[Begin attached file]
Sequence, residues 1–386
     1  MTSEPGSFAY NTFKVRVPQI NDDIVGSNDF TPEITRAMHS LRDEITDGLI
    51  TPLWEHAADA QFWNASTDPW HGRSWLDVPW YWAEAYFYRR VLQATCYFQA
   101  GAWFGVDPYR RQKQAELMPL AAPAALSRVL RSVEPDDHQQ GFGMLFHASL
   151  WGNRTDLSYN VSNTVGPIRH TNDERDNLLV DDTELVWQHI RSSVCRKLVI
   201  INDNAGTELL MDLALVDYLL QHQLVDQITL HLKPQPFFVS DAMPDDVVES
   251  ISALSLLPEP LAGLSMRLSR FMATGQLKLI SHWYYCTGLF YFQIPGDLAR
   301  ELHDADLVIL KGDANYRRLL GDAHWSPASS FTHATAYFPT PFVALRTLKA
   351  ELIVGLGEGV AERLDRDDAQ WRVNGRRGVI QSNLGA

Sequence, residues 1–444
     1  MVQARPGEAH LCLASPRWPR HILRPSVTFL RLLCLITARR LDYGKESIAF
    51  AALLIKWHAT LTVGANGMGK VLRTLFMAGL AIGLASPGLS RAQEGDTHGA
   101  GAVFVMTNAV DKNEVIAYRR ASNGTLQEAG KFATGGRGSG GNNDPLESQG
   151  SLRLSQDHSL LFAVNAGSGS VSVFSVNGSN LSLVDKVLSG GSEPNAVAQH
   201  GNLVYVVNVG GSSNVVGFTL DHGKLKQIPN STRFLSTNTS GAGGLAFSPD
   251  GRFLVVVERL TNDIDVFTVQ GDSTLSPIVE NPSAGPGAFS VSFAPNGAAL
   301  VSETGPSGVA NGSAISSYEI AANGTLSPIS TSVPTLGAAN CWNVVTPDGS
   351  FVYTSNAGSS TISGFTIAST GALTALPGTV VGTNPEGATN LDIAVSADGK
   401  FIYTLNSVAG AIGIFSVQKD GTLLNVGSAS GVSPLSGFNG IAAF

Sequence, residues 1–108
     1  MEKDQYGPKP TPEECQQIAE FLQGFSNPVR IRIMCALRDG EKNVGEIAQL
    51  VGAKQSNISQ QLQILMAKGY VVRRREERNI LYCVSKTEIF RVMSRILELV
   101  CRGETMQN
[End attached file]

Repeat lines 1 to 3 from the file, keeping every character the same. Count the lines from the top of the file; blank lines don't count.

Sequence, residues 1–386
     1  MTSEPGSFAY NTFKVRVPQI NDDIVGSNDF TPEITRAMHS LRDEITDGLI
    51  TPLWEHAADA QFWNASTDPW HGRSWLDVPW YWAEAYFYRR VLQATCYFQA